Gordon is no pushover — a 6’2” tough-as-nails Scotsman, footballer, swimmer, karate black belt and Kona Ironman finisher. Yet, for all the potentially dangerous activities, we had to keep the host unharmed. We didn’t want to go down in history as the couple that got the world’s most renowned celebrity chef maimed! We vetoed the arduous boat ride on the high seas to dive for kallumakai (green mussels) around rocky islets due to the time crunch. On our recce in October, our old friends Nasir and Rosie of Kannur Beach House put us onto local fishermen. The late monsoon washed in surplus freshwater into the sea, thereby reducing its salinity, which resulted in lesser vitt (eggs) spawning on the rocks. So the spectacular beaches around Kannur had to suffice. The big question was where next?
The pristine backwater of Valiyaparamba for clam diving was too north. The Empress of Mapila cuisine Abida Rashid was far south in Kozhikode. An extension to Wayanad would make the show too Kerala-centric, a destination that features extensively in international shows. So we suggested Kodagu (Coorg) — a region GR hadn’t visited before. After the unending stretches of human habitation in Kerala (India’s third most densely populated state), Coorg would be the perfect antidote. As Karnataka’s most forested district, its rolling hills and wild vistas were ideal for a show like Uncharted. It lay in the Western Ghats, one of the world’s eight hottest biodiversity hotspots, the fountainhead of South India’s most important river Cauvery, a record producer of honey, cardamom and coffee (80 per cent of India’s coffee comes from the area) with the highest concentration of sacred groves in the world.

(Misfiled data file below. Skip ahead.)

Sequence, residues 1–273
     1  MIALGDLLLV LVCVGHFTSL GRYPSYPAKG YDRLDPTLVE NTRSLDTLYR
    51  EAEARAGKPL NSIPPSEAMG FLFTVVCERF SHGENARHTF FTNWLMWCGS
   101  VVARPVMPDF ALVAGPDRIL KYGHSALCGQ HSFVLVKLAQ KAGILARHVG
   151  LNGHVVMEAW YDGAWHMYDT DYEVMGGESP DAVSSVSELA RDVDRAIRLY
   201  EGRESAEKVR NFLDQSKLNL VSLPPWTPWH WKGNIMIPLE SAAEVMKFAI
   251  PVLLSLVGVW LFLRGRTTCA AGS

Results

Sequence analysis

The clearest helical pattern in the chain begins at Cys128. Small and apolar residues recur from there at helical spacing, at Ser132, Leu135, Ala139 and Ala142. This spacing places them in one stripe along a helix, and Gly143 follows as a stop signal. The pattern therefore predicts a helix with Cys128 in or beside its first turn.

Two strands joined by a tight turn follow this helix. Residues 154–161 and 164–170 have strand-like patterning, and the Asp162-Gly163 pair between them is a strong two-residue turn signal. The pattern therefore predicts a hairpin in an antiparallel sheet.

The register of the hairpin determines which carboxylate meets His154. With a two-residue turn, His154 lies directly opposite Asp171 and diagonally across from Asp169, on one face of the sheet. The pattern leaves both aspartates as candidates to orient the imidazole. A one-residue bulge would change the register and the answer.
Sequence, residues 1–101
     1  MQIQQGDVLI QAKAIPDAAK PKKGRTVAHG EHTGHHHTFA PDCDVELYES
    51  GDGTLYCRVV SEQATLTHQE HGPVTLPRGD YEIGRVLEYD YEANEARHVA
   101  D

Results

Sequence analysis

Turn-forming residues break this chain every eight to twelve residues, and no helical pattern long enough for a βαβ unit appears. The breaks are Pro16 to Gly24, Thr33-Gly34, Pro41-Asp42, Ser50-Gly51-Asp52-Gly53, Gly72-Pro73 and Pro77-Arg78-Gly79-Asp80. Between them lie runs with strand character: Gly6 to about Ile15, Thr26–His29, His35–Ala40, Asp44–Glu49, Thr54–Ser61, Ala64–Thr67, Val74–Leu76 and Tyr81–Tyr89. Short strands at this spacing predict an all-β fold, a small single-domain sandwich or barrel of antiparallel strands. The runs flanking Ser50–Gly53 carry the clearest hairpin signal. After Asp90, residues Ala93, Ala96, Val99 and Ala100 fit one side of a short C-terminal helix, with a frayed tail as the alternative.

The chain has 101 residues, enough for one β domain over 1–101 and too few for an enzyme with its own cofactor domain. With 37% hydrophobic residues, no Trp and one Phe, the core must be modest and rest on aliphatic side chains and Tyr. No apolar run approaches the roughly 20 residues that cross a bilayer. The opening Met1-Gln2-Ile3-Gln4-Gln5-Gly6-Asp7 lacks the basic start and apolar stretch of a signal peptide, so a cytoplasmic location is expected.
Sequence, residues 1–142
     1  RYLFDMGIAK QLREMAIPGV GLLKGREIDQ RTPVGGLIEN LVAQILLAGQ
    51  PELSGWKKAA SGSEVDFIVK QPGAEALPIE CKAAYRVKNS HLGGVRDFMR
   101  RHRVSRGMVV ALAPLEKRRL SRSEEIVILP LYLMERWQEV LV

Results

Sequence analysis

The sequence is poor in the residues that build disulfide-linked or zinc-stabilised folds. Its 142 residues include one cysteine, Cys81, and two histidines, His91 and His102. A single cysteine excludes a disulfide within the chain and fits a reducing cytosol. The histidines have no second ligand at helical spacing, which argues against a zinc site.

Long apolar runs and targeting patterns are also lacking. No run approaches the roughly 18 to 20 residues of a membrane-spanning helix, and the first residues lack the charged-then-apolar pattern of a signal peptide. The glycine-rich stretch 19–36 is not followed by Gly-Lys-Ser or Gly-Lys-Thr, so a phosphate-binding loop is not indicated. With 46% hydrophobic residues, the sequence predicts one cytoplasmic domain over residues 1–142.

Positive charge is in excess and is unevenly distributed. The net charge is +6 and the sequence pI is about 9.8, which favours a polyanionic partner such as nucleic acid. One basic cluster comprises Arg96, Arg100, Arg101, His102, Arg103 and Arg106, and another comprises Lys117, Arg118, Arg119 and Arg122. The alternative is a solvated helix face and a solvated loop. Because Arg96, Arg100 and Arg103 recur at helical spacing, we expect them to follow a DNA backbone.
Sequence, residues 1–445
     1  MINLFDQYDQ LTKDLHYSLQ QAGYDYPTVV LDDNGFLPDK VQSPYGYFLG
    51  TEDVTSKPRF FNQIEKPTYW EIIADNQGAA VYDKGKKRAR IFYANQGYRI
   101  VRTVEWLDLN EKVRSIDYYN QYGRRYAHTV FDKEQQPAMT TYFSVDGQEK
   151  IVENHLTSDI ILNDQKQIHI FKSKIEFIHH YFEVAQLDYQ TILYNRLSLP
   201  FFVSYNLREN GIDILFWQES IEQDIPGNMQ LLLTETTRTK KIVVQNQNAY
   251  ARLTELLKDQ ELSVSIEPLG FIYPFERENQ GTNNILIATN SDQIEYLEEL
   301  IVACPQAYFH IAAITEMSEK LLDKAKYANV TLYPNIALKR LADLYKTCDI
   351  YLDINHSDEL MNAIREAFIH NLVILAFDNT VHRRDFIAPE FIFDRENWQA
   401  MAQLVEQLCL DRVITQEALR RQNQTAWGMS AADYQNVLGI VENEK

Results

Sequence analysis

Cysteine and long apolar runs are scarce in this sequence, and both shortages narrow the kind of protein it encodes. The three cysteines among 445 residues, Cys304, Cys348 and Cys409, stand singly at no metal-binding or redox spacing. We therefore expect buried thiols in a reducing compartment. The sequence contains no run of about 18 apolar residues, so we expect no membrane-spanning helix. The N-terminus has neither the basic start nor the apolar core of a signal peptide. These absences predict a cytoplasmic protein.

Though Coorg and Wayanad are adjacent districts with similar topography — hills, coffee and spices common to both — the difference lay in the cultural/culinary uniqueness. Coorg is home to the Kodavas, a fascinating martial community who lived off the land while preserving their unique culture, cuisine and traditional attire. Unlike Wayanad, Coorg has a well-defined cuisine with charming homestays run by hospitable Kodavas. The new Kannur International Airport at Mattanur was strategically located at an hour’s drive from Kannur and two hours from Virajpet. It was no surprise that the production team was bowled over by Coorg’s beauty on the pre-shoot scout and unanimously chose it as the locale for the ‘Big Cook’. For us, the great clincher was getting a Scottish chef to a region dubbed ‘The Scotland of India’.